The details concerning visitors to Guthlac's hermitage show his continuing connections with the highest echelons of lay and clerical society as well as, according to Felix, his attracting the poor and afflicted. The priest Wilfrid, long bound to Guthlac by the bonds of spiritual friendship, was a frequent visitor. Bishop Headda, who had been consecrated to Lichfield in 691 and became bishop of Leicester in 709, also visited, and with him his secretary (librarius) Wigfrith. Wigfrith had opined that having lived among the Irish he could tell a true hermit from a false one and would be able to do so in Guthlac's case; when the party sat down to a meal, Guthlac asked the astonished secretary what he now thought of the man whom he had promised to judge. A number of miracles had to do with the exercise of prophetic powers through similar insights into his visitors. Bishop Headda insisted on ordaining Guthlac a priest. There is a suggestion of reluctance in this on the part of Guthlac, who was now approaching the end of his life; possibly the bishop's object was not only to venerate the holy man's powers, but also to control them by drawing him more tightly into the organized hierarchy of the church. Other visitors were monks from Abbess Ecgburh, daughter of King Aldwulf of the East Angles, enquiring who would take over the hermitage after Guthlac's death. They received the answer that it was one who had not yet been baptized (Cissa might none the less have been an aristocrat). Altogether this aspect of the life particularly justifies the view, as does its dedication to King Ælfwald of the East Angles (r. c.713–749), that, though a monk himself, Felix had a lay audience as well as a clerical one in mind and that the work, like Bede's Historia ecclesiastica, was written for 'the public church'.
The most interesting and important of all Guthlac's visitors, however, was Æthelbald, king of the Mercians (r. 716–57), in the days before he was king. He was in exile from Mercia, being grandson of Penda's brother Eowa and hence seen as a rival to his second cousin Ceolred, who became king in 709. Guthlac prophetically told Æthelbald that he knew of his afflictions and that God had heard his prayers and would make him a ruler (principem populorum). After Guthlac's death, Æthelbald returned to Crowland, clearly at the crisis of the struggle for the Mercian kingship, stayed in the hut 'where he used to stay when Guthlac was alive' (Felix, 165), and received a vision of reassurance from the saint. Obviously this is written with a strong element of retrospect in the light of Æthelbald's known veneration for Guthlac (which does not invalidate it), for the king chose as his burial place Repton, where Guthlac had entered religion. Not only did Æthelbald embellish Guthlac's shrine at Crowland, but it has been plausibly argued that it was also he who was originally responsible for introducing the saint's cult, with relics, into Hereford, where by the tenth century a church was dedicated to Guthlac, which archaeology suggests goes back to the ninth or even the eighth century. Unfortunately Guthlac cannot be fitted into his place in the Mercian royal genealogy; but his staunch and doubtless morally effective support for Æthelbald, by no means a saint, must have owed less to bonds of spiritual friendship than to a sense of close relationship in their earthly lineage.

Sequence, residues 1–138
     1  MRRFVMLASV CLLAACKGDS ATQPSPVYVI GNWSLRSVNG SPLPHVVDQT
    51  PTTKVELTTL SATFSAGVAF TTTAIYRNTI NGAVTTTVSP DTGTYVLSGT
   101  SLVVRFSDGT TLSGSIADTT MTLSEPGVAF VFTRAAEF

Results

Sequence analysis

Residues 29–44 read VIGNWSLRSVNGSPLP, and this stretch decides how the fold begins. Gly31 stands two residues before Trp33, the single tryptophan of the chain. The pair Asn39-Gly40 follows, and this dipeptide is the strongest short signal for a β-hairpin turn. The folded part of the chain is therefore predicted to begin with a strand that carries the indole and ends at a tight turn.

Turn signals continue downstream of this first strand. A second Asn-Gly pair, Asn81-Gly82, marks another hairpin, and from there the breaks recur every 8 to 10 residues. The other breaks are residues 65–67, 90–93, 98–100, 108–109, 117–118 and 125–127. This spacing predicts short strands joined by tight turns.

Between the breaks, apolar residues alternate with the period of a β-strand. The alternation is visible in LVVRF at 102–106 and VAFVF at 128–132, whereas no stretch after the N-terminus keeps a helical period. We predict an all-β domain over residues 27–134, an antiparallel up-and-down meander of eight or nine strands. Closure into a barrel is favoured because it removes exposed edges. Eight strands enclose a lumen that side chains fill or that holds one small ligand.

The prime mover of Guthlac's cult was his sister Pega, who opened the saint's grave after twelve months, found the body undecayed, and moved it to the shrine embellished by Æthelbald. This cult gathered new momentum in the late Anglo-Saxon period and in the twelfth century: several manuscripts of Felix's life date from this time; the eleventh-century Leofric missal contains a Guthlac mass; a Crowland calendar from the mid-eleventh century lists his translation as 30 August, and an Ely calendar of the eleventh century, attested by three manuscripts, has his commemoration as 26 August. The finest testimony to his cult is the Guthlac roll (BL, Harley Roll, Y.6), depicting the saint's life in eighteen roundels.
- Felix, Life of Saint Guthlac, ed. and trans. B. Colgrave (1956)
- C. W. Jones, Saints' lives and chronicles in early England (1947)
- H. Mayr-Harting, The coming of Christianity to Anglo-Saxon England (1972)
- A. Thacker, ‘Kings, saints and monasteries in pre-viking Mercia’, Midland History, 10 (1985), 1–25
- J. Roberts, ‘An inventory of early Guthlac materials’, Mediaeval Studies, 32 (1970), 193–233
- D. W. Rollason, Saints and relics in Anglo-Saxon England (1989)